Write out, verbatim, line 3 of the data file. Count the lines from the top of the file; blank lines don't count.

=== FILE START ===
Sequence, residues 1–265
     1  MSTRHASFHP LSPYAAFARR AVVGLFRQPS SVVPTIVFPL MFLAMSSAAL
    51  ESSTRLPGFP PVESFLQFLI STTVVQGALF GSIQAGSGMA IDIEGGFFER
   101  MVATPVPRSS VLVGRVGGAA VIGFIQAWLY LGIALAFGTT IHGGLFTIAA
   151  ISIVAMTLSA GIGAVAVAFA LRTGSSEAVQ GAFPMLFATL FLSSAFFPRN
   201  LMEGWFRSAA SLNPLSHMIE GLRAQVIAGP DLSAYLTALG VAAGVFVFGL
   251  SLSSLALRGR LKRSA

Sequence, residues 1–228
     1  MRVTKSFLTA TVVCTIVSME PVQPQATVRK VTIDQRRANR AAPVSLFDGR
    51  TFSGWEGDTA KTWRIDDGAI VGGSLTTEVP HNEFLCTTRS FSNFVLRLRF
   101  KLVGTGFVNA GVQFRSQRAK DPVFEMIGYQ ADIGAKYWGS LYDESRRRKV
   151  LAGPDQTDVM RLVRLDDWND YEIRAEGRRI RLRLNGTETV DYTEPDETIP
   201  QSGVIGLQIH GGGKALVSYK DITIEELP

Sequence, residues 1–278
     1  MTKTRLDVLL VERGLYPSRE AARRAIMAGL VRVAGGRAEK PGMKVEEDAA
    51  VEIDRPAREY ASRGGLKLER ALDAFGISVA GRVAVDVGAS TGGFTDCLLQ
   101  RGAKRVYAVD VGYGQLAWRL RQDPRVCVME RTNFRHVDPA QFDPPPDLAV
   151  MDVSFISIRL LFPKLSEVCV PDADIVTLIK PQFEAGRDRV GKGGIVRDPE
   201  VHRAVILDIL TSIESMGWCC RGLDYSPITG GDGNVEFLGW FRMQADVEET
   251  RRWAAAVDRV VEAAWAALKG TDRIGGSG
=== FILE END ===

    51  ESSTRLPGFP PVESFLQFLI STTVVQGALF GSIQAGSGMA IDIEGGFFER